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Courland Governorate, Governorate of Livonia, Governorate of Estonia of Russian Empire before the 1917 February Revolution

Flag of the United Baltic Duchy

The proposed United Baltic Duchy,[1] also known as the Grand Duchy of Livonia,[2] was a state proposed by the Baltic German nobility and exiled Russian nobility[3] after the Russian revolution and German occupation of the Courland, Livonian, and Estonian governorates of the Russian Empire.

The idea comprised the lands in Estonia and Latvia and included the creation of a Duchy of Courland and a Duchy of Estonia and Livonia that would be in personal union with the Crown of Prussia [4] under the German Empire's occupied territory Ober Ost before the end of World War I covering the territories of the Medieval Livonia what are now Latvia and Estonia.

Historical background

During World War I, German Armies had occupied the Courland Governorate of Russian Empire by the autumn of 1915. The front was settled along a line stretched between Riga, Daugavpils and Baranovichi.

Following the February Revolution in Russia, the Autonomous Governorate of Estonia was created on 12 April 1917 (30 March Old Style) from the former Russian Governorate of Estonia and northern Governorate of Livonia. After the October Revolution, the elected Estonian Provincial Assembly declared itself the sovereign power in Estonia on 28 November 1917 and on 24 February 1918, a day before the arrival of German troops the Estonian Declaration of Independence was issued. The Western Allies recognized the Republic of Estonia de facto in May 1918.[5]

The Latvian National Council was proclaimed on 16 November 1917. On 30 November 1917, the Council declared an autonomous Latvian province within ethnographic boundaries, and a formal independent Latvian republic was declared on 15 January 1918.[5]

After the Russian revolution, German troops had started advancing from Courland, and by the end of February 1918 the German military administered the territories of the former Russian Governorate of Livonia and Autonomous Governorate of Estonia that had declared independence. With the Treaty of Brest-Litovsk on 3 March 1918, Bolshevist Russia accepted the loss of the Courland Governorate, and by agreements concluded in Berlin on 27 August 1918, the loss of the Autonomous Governorate of Estonia and the Governorate of Livonia.[5]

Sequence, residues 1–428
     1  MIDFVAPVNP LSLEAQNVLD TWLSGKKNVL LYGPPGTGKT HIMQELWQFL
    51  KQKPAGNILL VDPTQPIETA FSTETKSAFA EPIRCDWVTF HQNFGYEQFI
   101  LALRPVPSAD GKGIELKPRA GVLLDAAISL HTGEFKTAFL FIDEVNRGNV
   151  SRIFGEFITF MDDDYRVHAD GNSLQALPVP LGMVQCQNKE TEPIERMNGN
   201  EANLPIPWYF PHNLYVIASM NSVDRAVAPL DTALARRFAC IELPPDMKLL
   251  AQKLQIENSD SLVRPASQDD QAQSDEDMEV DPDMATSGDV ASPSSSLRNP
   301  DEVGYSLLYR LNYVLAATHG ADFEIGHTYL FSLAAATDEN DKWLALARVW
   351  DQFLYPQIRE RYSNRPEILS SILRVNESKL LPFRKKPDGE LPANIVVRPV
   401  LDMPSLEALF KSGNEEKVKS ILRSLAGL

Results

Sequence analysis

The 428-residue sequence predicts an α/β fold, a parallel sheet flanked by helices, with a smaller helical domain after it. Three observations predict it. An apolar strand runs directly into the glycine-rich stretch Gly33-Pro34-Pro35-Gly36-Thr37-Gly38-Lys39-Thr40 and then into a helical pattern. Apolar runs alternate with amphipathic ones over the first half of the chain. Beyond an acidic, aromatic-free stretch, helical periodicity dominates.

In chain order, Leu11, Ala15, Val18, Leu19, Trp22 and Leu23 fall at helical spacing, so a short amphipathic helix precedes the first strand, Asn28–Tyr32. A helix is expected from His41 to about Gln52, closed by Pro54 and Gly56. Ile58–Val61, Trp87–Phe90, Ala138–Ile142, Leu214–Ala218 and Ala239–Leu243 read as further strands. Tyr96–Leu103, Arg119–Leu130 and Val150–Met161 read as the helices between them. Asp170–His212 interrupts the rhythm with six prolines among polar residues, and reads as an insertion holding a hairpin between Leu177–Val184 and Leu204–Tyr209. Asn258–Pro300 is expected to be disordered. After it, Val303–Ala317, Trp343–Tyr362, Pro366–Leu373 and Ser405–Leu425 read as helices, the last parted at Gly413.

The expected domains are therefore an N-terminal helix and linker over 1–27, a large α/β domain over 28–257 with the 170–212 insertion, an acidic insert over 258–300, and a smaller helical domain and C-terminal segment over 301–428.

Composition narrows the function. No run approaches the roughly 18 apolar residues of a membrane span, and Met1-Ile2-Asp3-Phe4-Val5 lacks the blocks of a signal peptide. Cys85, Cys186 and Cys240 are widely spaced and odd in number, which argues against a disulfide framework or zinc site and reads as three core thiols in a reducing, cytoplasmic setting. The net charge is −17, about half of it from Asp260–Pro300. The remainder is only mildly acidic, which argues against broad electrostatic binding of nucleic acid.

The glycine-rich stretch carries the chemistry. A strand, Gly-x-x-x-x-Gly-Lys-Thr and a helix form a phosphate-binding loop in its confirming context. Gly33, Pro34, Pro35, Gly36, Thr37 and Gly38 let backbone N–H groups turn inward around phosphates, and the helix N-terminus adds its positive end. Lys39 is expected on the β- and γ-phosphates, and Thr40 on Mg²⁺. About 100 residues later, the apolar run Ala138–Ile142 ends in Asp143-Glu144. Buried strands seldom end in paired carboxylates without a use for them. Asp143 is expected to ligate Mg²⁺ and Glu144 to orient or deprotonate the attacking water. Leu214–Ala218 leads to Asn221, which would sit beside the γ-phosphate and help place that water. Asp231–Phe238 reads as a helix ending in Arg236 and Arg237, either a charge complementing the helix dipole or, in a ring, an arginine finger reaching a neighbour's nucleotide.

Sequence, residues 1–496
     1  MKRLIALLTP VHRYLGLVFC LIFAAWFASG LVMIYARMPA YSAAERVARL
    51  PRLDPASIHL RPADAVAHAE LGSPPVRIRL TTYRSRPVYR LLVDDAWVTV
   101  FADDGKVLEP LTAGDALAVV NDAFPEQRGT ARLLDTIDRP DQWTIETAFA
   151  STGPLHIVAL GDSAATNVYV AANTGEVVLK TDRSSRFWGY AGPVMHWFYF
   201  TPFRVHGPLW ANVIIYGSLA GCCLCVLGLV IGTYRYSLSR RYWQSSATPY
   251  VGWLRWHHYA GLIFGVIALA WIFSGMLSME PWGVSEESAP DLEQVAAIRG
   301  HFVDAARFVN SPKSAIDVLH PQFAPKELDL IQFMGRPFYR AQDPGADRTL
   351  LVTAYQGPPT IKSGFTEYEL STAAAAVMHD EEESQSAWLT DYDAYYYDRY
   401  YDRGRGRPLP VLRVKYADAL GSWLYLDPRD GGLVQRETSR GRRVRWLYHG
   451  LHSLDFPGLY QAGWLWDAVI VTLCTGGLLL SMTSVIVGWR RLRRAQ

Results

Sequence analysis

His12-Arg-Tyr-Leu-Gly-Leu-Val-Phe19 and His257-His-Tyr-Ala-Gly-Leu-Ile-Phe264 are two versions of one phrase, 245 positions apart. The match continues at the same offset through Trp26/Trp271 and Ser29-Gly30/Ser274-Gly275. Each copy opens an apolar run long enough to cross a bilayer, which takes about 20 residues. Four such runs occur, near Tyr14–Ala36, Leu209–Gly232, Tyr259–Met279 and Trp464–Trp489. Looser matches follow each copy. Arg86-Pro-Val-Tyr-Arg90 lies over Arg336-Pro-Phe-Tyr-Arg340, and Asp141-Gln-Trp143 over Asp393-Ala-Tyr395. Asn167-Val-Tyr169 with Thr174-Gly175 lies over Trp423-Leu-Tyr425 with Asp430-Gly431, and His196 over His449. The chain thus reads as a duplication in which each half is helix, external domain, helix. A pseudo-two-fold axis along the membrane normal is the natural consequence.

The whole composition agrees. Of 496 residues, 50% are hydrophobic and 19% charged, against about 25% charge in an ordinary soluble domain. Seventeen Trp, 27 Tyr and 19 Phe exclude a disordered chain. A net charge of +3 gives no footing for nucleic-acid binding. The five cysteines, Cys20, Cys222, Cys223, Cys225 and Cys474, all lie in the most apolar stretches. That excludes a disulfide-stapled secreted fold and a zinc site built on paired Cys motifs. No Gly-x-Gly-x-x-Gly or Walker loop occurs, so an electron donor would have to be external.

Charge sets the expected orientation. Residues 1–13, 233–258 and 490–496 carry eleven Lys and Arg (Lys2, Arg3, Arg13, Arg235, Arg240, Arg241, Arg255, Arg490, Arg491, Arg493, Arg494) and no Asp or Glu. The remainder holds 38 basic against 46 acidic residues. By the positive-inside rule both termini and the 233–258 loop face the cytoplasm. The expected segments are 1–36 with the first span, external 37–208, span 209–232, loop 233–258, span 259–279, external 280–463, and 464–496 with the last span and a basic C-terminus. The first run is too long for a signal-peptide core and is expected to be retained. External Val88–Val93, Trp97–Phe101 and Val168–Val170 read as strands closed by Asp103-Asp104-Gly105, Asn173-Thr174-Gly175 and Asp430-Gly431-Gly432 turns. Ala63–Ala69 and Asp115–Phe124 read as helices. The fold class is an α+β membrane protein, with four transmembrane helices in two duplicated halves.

Attempt to create the United Baltic Duchy

Adolf Friedrich, Duke of Mecklenburg-Schwerin, 1962

As a parallel political movement under the German military administration, Baltic Germans began forming provincial councils between September 1917 and March 1918. On 12 April 1918, a Provincial Assembly composed of 35 Baltic Germans, 13 Estonians, and 11 Latvians passed a resolution calling upon the German Emperor to recognize the Baltic provinces as a monarchy and make them a German protectorate.[6]

On 8 March and 12 April 1918, the local Baltic German-dominated Kurländische Landesrat and the Vereinigter Landesrat of Livland, Estland, Riga, and Ösel had declared themselves independent states,[citation needed] known as the Duchy of Courland (Herzogtum Kurland) and Baltic State duchy [7] (Baltischer Staat), respectively. Both states proclaimed themselves to be in personal union with the Kingdom of Prussia, although the German government never responded to acknowledge that claim.

The Baltic lands were nominally recognized as a sovereign state by emperor Wilhelm II only on 22 September 1918,[citation needed] half a year after Soviet Russia had formally relinquished all authority over its former Imperial Baltic provinces to Germany in the Treaty of Brest-Litovsk. On 5 November 1918, a temporary Regency Council (Regentschaftsrat) for the new state led by Baron Adolf Pilar von Pilchau was formed on a joint basis from the two local Land Councils.

The capital of the new state was to be Riga. It was to be a confederation of seven cantons: Kurland (Courland), Riga, Lettgallen (Latgale), Südlivland (South Livonia), Nordlivland (North Livonia), Ösel (Saaremaa), and Estland (Estonia), the four first cantons thus covering the territory corresponding to today's Latvia and the latter three corresponding to today's Estonia.